Practical use and examples

Although ELT has its critiques it can be use for preparing teaching units. It’s structure may vary depending on the number of students and different situations.

If a teacher has only one student he/she can prefer the student’s preferred learning style during the teaching unit. Still, the learning cycle should be run through but the preferred learning style can serve as a starting point (Fig. 2).
Here follows a concrete example for a one to one teacher-student situation: The learning objective is to teach the student how to deliver breaking bad news to the patient. In this example the student’s preferred learning style is converging. The student might therefore prefer to elaborate on the theoretical part of the task. As converger she might prefer to structure the task by developing a list of objectives or tasks. For example, the student will create a list of what to say to relatives, and how she plans to do so. Still staying a the more “theoretical hemisphere” (the lower half) of the learning cycle (Figure 1) she then proceeds to assimilating by gathering all relevant information about communication models and skills (see Figure 2). The student then proceeds into the “practical hemisphere” of the learning cycle and continues at the quarter of “accommodating” by talking to a standardized patient (SP) and obtains his feedback. In the fourth step, the student moves forward to the quarter of diverging. This part consists of reflection on her experience while performing to deliver breaking bad new to a standardised patient and on the feedback (e.g. from the SP). The list of objectives, which was prepared in step one (converging) and elaborated in step two(assimilating) can be used to find out what has been achieved, what needs to be modified or improved. By doing so the cycle is closed. The student than comes back the lower half of the cycle to elaborate more on the cognitive part of the task.

While the one-to-one situation is probably an exception, learning groups with 10 to 20 students may be more common. It could be assumed that in such groups each of the four learning styles is more or less represented, which should be used as a “vehicle” to reach the individual learner best and intensify the learning of the group. The teacher should be prepared to use different teaching methods according to the different learning styles (see above). These methods could be combined to include all types of learners. Small group discussions and team projects could be also used.

The following is an example for applying the learning style model to group teaching. It consists of 20 students. The learning objective is how to perform the examination of 5 muscle tendon reflexes (MTR). It is assumed that every learning style is represented in the group. In this example the teacher has planned to start the cycle in the upper left quarter, by looking for a student who prefers the accommodating learning style. The teacher does so by asking the students who would like to demonstrate how to perform the examination of the 5 MTR (see Figure 3). Thus the teacher is trying to start by a practical approach of the topic by initially involving students, who prefer to learn things by “doing”. In the terminology of the Kolb Model this is called “active experimentation” (AE). In the next step the teacher tries to apply to the observational skills of students who prefer a more observational style. The teacher asks the students to give a feedback on the performance and to reflect on further aspects of the task (RO). The 3rd step proceeds to the “theoretical hemisphere” of the learning cycle. This step is initiated by asking students for the pathophysiological background and clinical meaning of MTR, targeting for students who prefer an assimilating style. The final task may be to ask students to summarize all the collected information in a performance list for the examination of MTR. Repeating the examination and applying the performance list then close the cycle.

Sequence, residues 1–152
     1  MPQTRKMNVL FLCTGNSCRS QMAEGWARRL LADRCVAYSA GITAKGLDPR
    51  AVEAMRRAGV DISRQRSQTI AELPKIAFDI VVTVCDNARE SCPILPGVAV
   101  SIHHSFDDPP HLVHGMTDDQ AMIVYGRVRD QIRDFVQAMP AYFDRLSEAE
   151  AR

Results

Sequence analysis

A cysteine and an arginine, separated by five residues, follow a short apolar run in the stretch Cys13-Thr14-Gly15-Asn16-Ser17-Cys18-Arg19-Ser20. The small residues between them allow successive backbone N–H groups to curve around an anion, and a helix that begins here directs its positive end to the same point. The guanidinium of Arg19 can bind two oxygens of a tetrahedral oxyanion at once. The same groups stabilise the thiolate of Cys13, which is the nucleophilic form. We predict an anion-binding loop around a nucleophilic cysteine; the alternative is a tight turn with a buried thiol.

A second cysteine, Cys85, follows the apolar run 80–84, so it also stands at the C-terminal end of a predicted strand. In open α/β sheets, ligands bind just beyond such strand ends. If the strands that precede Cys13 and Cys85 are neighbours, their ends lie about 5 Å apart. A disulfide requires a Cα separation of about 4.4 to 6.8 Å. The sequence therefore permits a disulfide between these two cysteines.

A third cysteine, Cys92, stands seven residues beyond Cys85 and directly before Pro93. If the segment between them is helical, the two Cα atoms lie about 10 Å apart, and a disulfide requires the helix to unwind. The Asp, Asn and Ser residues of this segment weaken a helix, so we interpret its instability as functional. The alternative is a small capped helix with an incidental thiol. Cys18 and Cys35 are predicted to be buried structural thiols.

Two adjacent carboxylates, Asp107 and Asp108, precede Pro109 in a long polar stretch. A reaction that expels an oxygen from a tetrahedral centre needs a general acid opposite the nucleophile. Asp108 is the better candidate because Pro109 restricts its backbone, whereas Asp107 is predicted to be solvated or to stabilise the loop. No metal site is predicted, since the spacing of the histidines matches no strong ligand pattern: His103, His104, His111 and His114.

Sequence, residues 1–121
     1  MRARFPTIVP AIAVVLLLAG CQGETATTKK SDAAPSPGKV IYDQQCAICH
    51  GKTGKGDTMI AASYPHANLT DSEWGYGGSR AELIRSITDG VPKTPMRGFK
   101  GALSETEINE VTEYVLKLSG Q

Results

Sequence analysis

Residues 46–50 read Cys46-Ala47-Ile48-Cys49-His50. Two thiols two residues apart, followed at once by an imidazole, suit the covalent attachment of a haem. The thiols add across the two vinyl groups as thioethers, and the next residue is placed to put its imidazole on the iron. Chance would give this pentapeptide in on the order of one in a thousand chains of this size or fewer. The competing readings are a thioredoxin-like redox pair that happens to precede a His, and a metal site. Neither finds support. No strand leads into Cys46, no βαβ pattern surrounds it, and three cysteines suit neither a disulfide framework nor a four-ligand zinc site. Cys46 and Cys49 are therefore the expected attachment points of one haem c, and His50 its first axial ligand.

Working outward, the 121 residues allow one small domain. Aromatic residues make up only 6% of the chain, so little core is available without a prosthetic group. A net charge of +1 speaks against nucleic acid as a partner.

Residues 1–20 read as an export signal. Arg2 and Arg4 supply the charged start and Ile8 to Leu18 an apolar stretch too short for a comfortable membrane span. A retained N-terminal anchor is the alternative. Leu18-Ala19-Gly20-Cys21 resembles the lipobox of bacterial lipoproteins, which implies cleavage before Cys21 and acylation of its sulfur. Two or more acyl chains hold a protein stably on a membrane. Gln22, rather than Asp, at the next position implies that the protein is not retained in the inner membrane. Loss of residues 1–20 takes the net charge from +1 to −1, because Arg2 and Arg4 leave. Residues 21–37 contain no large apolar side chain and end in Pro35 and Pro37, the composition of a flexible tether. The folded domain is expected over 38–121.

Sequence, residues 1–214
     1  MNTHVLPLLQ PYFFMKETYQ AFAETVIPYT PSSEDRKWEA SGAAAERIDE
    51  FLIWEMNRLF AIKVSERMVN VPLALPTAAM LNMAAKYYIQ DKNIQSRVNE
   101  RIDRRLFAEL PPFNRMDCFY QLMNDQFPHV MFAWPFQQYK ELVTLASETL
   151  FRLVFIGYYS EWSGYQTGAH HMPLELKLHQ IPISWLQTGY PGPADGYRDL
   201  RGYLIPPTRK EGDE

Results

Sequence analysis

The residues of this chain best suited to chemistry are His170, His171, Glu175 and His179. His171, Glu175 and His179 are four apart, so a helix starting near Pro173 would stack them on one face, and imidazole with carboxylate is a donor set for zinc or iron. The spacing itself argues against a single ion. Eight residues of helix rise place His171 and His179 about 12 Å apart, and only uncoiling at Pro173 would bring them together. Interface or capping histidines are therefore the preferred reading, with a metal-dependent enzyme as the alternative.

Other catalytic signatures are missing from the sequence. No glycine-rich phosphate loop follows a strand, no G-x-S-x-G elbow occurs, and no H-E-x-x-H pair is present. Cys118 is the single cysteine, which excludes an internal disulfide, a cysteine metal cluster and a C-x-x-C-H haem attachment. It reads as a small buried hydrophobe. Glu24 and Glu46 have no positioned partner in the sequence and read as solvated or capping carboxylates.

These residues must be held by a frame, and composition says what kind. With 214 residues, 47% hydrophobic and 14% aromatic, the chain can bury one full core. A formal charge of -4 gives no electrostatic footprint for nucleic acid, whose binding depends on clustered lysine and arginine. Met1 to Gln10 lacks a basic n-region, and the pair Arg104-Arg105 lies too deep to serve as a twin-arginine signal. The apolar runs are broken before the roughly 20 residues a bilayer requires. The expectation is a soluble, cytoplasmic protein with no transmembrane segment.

Certainly, many different teaching methods (i.e. Sandwich principles, Microteaching or Technical skills) can be used to get students involved at the several steps. Thus parts of a seminar could be done by working in small work groups, other by preparing summaries of literature, etc.

The Kolb Model can even be applied in large groups, for example in a group of 100 students. By using learning cells and applying the “sandwich principle” the teacher should try to get students involved.

CLearning Style Model
Fig. 2: Application of learning style model following the Kolb Model in 1-to-1 teacher - student situation. In this example the student's preferred learning style is converging

Learning Style Model
Fig. 3: The application of the learning style model following the Kolb Model in 1-to-20 teacher - student situation